a quote from my favorite author

“The most solid advice, though, for a writer is this, I think: Try to learn to breathe deeply, really to taste food when you eat, and when you sleep, really to sleep. Try as much as possible to be wholly alive, with all your might, and when you laugh, laugh like hell, and when you get angry, get good and angry. Try to be alive. You will be dead soon enough.”

-William Saroyan, The Daring Young Man on the Flying Trapeze

Tuesday, December 6, 2011

Putting Group Writing Conferences Into Action

Yesterday, I posted regarding my new understandings aboutconferencing with student writers.  Today, I attempted to capture how powerful the changes I have made in my conferences have been.  The thing that struck the most when I was first exposed to this idea at the NCTE conventionwas that in a group conference each student has the opportunity to learn about four pieces of writing, instead of just one (their own).  What an authentic way to learn about a variety of writing styles and possibilities!

We are drafting letters to authors as part of the LettersAbout Literature contest.  V shared her draft, asking for feedback about whether or not the anecdotes she included were clear and effective.  Her peers were readily able to give her positive feedback, but they were less forthcoming when it came to constructive feedback to help V make changes to improve her letter.  So, I gently modeled, hoping the group would catch on as we continued (realizing that this is a skill we might have to work to develop as the school year progresses, but definitely a skill that will be worth the time).  I shared with V that while the anecdotes she chose were clear, she did not do enough to connect them back to specific details in the book about which she was writing.  V took my feedback happily and we moved on. 

Next, it was J’s turn.  J read his draft, asking for feedback on run-on sentences.  I chose not to jump in and correct him.  I knew it would be difficult for us to hear run-on sentences, as opposed to seeing them during an edit.  However, I decided to sit back and see what the other writers in the group thought.  J’s letter was already a second draft and I think he was having difficulty finding a weakness to ask about.  He had a clear So What? and his details from the text were clearly balanced with, and connected to, anecdotes from his own life.  It was a fair struggle, especially with this being our first conference of this nature.

That’s when a most beautiful thing happened.  When J read his letter, V noticed something.  She noticed that he perfectly balanced specific details from the text with his own anecdotes.  Do you remember the weakness in V’s letter?  There was no way I could have helped her in a one on one writing conference that would have been nearly as powerful as learning from J was.  Immediately after identifying a need, V was able to hear a model of writing from a peer that directly addressed her need.  Amazing.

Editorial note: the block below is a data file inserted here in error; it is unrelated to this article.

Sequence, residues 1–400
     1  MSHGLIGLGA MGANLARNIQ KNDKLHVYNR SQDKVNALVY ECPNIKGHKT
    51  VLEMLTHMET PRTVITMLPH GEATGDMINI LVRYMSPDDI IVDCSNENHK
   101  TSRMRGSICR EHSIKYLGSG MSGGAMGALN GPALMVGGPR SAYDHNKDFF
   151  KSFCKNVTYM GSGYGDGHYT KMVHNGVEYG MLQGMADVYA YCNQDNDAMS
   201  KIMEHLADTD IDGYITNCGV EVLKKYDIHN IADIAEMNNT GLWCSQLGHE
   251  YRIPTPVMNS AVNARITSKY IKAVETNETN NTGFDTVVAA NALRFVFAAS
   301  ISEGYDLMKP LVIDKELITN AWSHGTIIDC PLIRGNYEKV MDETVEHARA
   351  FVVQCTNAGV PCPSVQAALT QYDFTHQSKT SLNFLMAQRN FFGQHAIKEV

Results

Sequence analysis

It is so worth slowing down to listen and talk to my student writers.  I used to think I had to save every ounce of class time by reading papers at home, post-it-noting my ideas, and cycling through a stack of conferences (instead of a room of student writers) as quickly as possible.  Not anymore. 


  1. V & J: What a powerful writing group they're engaged in. How wonderful for them and you!

  2. This is terrific! Learning from each other, always powerful. This is great that you have started this.

    I love the letters about literature contest. I always did it with seventh and eighth graders. I was going to do it with freshman this year, but with the new textbook, I just didn't get it done. I'll have a better plan next year!

  3. It is so magical when learning happens that wasn't written in the plan book! There is so much power in allowing students the time to talk/confer with each other. What a great example of learning in action.

  4. Thank for giving such specific details, Christy. I loved that you 'bit your tongue' & waited to see what would happen & I bet you're glad too. What a light bulb going off in V's head, & the fact that J helped had to give a boost to him, too. I used groups of writers doing research often & they were so helpful, to each other & to me.

  5. Your posts today and yesterday really have me thinking. Group conferences make so much sense. I will be watching for more posts about what you are learning as you experiment with this model. Excellent!

  6. I love this Christy!

    It is so worth slowing down to listen and talk to my student writers. I used to think I had to save every ounce of class time by reading papers at home, post-it-noting my ideas, and cycling through a stack of conferences (instead of a room of student writers) as quickly as possible. Not anymore.

    Slowing down...:)

  7. Love this! I also left NCTE with the desire to implement group writing conferences. So far they have gone well. Love your insights from your students.

  8. Yeah! Isn't that such a great feeling? Not only that the group conferences were implemented, but they effectively did what you had hoped and more! It is amazing when we do shut our mouths and let the kids talk, what they share. So much smarter than we give them credit for . . . some things still come out of their mouths that you lift an eyebrow at, but let's give them the chance to open their mouths!

    Good for you and thanks for sharing! So inspiring to "see" it in action!

  9. Your posts have me thinking...I'll need to spend some time re-reading them and figuring out how to bring this into my classroom. Thank you for sharing what you learned.